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One source of confusion for new C++ programmers is when to declare a variable to be type long and when to declare it to be type short. The rule, when understood, is fairly straightforward: If there is any chance that the value you'll want to put into your variable will be too big for its type, use a larger type, unsigned short integers, assuming that they are two bytes, can hold a value only up to 65,535. Signed short integers can hold only half that. Although unsigned long integers can hold an extremely large number (4,294,967,295) that is still quite finite. If you need a larger number, you'll have to go to float or double, and then you lose some precision. Floats and doubles can hold extremely large numbers, but only the first 7 or 19 digits are significant on most computers. That means that the number is rounded off after that many digits.

#### Wrapping Around an unsigned Integer

The fact that unsigned long integers have a limit to the values they can hold is only rarely a problem, but what happens if you do run out of room?
When an unsigned integer reaches its maximum value, it wraps around and starts over, much as a car odometer might. Listing 3.4 shows what happens if you try to put too large a value into a short integer.

Listing 3.4.A demonstration of putting too large a value in an unsigned integer.

1: #include <iostream.h>
2: int main()
3: {
4: unsigned short int smallNumber;
5: smallNumber = 65535;
6: cout << "small number:" << smallNumber << endl;
7: smallNumber++;
8: cout << "small number:" << smallNumber << endl;
9: smallNumber++;
10: cout << "small number:" << smallNumber << endl;
11: return 0;
12: }

Output: small number:65535
small number:0
small number:1

Analysis: On line 4, smallNumber is declared to be an unsigned short int, which on my computer is a two-byte variable, able to hold a value between 0 and 65,535. On line 5, the maximum value is assigned to smallNumber, and it is printed on line 6.

On line 7, smallNumber is incremented; that is, 1 is added to it. The symbol for incrementing is ++ (as in the name C++--an incremental increase from C). Thus, the value in smallNumber would be 65,536. However, unsigned short integers can't hold a number larger than 65,535, so the value is wrapped around to 0, which is printed on line 8.
On line 9 smallNumber is incremented again, and then its new value, 1, is printed.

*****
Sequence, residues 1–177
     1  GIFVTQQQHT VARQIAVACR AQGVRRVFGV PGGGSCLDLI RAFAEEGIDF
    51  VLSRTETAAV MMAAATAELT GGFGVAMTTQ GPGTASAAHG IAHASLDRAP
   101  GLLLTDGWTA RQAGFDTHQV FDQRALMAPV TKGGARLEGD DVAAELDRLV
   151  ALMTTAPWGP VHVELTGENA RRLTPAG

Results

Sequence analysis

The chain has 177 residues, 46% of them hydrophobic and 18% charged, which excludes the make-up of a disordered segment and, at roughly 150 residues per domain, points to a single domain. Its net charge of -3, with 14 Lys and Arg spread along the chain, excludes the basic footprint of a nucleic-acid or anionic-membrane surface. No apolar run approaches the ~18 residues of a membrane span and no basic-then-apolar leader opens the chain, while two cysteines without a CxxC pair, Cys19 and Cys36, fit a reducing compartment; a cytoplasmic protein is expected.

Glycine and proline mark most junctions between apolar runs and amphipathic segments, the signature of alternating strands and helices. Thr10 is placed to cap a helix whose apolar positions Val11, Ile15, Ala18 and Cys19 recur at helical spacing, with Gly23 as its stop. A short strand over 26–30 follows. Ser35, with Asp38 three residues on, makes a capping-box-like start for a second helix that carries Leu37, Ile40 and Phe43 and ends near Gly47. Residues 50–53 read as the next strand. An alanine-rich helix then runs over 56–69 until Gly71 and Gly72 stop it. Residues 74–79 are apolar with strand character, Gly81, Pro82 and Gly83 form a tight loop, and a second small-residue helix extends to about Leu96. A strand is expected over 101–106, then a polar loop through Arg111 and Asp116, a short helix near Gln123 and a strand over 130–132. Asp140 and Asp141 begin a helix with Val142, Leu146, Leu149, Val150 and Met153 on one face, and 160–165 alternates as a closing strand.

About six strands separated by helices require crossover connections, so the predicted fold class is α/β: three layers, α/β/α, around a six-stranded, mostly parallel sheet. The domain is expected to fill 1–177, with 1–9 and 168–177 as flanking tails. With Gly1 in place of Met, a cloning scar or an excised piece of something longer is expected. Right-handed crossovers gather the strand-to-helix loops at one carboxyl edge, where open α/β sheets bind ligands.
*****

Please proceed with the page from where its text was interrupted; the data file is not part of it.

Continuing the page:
#### Wrapping Around a signed Integer

A signed integer is different from an unsigned integer, in that half of the values you can represent are negative. Instead of picturing a traditional car odometer, you might picture one that rotates up for positive numbers and down for negative numbers. One mile from 0 is either 1 or -1. When you run out of positive numbers, you run right into the largest negative numbers and then count back down to 0. Listing 3.5 shows what happens when you add 1 to the maximum positive number in an unsigned short integer.

Listing 3.5. A demonstration of adding too large a number to a signed integer.

1: #include <iostream.h>
2: int main()
3: {
4: short int smallNumber;
5: smallNumber = 32767;
6: cout << "small number:" << smallNumber << endl;
7: smallNumber++;
8: cout << "small number:" << smallNumber << endl;
9: smallNumber++;
10: cout << "small number:" << smallNumber << endl;
11: return 0;
12: }

Output: small number:32767
small number:-32768
small number:-32767

Analysis: On line 4, smallNumber is declared this time to be a signed short integer (if you don't explicitly say that it is unsigned, it is assumed to be signed). The program proceeds much as the preceding one, but the output is quite different. To fully understand this output, you must be comfortable with how signed numbers are represented as bits in a two-byte integer. For details, check Appendix C, "Binary and Hexadecimal."

The bottom line, however, is that just like an unsigned integer, the signed integer wraps around from its highest positive value to its highest negative value.
When to Use short and When to Use long in C++ Reviewed by 1000sourcecodes on 20:48 Rating: 5